Electronic Music 1982 -1987 was created by Mark Van Hoen at the height of the industrial decline in Smethwick, then part of Staffordshire. Instrumental observations and experimentations of the culture and community present in this satellite town close to Birmingham, England.
It’s time we get up to speed with Oliver Cherer, whose next release ‘The Myth Of Violet Meek’ will be out on W&W late September.
Hopefully you would have heard of Cherer before, if not by his actual name then by his band Dollboy, or maybe even the 90s big beat outfit Cooler of which he was a member. He plays live; a continuous tourer with more monikers and projects than the number of leaves on a tree and most recently performed songs from this new album at Leigh Folk Festival alongside many other folkish greats.
Here’s a taster of something new… An excerpt from ‘Unspoken’
This will be his second release assuming his own name, and for fans of the Second Language label; congrats, you got to hear the first, but we are chuffed he wants to release this second blinding album with us.
The Myth of Violet Meek, is a beautiful and darkly witted album. Sparked by memories of teenage life in the old haunting grounds The Forest of Dean (where Cherer lived during his teens). We are invited into young Violet’s world and taken on a journey of ‘sex, death and chauvinism’, which is as much a reflection on society today despite the setting of this album feeling somewhat gorgeously anachronistic.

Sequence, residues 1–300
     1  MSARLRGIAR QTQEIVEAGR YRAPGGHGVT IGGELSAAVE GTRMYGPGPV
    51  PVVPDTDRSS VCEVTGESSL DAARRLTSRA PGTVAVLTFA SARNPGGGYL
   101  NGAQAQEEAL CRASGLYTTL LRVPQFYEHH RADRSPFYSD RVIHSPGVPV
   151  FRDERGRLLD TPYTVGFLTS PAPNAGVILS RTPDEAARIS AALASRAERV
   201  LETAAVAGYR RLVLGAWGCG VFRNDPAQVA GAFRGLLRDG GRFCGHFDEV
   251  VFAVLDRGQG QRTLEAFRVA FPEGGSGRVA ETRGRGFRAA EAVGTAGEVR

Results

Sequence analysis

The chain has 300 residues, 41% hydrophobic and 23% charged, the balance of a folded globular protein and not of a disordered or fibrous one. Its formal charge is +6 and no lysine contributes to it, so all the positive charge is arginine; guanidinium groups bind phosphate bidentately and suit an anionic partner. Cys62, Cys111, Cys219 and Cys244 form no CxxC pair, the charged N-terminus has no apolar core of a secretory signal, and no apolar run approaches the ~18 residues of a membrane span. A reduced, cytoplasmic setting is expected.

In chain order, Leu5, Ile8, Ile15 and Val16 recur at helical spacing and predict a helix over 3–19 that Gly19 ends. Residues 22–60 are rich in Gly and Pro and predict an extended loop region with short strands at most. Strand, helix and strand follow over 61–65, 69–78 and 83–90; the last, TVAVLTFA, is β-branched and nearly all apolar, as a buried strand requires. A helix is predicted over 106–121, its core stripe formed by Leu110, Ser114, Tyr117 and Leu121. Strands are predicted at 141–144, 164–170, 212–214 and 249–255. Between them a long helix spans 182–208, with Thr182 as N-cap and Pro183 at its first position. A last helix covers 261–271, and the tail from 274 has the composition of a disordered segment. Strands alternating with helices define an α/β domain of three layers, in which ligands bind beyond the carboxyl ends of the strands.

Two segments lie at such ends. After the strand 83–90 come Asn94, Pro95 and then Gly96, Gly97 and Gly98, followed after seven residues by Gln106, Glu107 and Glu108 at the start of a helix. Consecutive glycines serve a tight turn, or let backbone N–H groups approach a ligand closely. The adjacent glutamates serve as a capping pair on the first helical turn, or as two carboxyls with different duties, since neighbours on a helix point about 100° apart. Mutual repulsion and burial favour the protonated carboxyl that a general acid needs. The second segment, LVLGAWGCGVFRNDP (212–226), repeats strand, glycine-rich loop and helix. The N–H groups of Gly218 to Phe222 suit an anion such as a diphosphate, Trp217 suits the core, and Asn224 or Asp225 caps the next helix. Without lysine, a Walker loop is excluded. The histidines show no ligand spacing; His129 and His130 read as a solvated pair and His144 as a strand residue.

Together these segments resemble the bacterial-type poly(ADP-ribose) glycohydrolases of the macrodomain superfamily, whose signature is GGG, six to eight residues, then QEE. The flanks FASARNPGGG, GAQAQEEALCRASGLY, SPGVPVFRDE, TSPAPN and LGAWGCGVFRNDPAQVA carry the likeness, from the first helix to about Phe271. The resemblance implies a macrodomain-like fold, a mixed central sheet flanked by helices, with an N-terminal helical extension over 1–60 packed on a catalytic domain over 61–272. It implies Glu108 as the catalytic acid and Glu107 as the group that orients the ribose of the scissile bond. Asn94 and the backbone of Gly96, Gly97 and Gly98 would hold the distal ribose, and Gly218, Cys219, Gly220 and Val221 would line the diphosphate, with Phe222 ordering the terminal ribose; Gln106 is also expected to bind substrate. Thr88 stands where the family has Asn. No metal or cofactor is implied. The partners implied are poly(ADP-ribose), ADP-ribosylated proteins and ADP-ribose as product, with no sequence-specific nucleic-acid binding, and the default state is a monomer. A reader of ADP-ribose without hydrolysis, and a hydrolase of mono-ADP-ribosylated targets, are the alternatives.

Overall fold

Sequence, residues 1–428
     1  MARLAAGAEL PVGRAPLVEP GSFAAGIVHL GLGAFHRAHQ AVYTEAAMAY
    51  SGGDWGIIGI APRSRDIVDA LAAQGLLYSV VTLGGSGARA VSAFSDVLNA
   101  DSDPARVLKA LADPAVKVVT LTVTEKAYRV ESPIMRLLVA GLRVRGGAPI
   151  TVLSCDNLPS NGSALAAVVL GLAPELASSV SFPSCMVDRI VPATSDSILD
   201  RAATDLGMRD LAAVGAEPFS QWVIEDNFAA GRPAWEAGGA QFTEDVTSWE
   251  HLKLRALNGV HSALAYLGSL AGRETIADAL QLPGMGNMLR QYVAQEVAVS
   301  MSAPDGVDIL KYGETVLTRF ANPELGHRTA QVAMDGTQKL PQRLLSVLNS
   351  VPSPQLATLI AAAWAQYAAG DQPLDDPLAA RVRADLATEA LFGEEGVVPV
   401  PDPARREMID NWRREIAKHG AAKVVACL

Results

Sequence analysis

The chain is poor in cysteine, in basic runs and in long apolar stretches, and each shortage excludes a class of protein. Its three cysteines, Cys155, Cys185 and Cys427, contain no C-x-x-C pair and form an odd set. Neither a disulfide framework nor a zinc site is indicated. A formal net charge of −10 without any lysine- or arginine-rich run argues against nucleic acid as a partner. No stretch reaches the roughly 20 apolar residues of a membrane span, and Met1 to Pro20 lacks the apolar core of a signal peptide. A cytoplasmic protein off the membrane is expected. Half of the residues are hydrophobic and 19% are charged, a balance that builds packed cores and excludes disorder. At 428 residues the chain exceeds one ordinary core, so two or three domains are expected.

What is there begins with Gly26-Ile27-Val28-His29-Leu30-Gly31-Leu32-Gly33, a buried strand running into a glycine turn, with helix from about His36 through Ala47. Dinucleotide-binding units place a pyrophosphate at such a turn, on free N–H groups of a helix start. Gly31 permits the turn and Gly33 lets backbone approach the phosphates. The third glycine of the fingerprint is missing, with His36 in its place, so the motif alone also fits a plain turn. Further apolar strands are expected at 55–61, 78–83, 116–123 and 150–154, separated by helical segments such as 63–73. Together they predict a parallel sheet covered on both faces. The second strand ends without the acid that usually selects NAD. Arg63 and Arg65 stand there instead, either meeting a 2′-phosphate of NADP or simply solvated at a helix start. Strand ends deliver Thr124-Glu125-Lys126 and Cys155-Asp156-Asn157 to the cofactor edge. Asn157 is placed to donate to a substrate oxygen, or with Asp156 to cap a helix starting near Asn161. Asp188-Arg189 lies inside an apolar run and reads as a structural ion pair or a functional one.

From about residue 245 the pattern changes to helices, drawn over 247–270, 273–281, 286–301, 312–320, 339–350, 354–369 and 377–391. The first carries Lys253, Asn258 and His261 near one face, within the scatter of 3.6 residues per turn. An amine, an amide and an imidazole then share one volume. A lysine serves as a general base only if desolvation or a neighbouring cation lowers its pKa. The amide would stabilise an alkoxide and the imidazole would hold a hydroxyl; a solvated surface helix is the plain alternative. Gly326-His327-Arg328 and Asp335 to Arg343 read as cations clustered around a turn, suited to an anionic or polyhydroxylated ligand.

This weekend saw the release of Pylon Reveries by Charles Vaughan, the keen eyed will note this album has been in the works for a good few years.
The album is presented on CD, with an accompanying cassette tape of exclusive works you’ll not hear anywhere else.
The release is an exclusive to the Wayside & Woodland store, you won’t hear this online anytime soon.
“From an early age, I had a fascination with pylons. The public information films of my childhood did little to quell this creeping sense of unease. Over the years, this preoccupation has informed my work, inspiring many pieces of music. Some of it found its way onto the ‘Substation Index’ release, a mini CDr I left at any substation I came across on my travels. It was free, you just had to find it.
This collection was harvested from the many tapes and hard drives that have been slowly filling up over the years. I hope it makes some sense.” – Charles Vaughan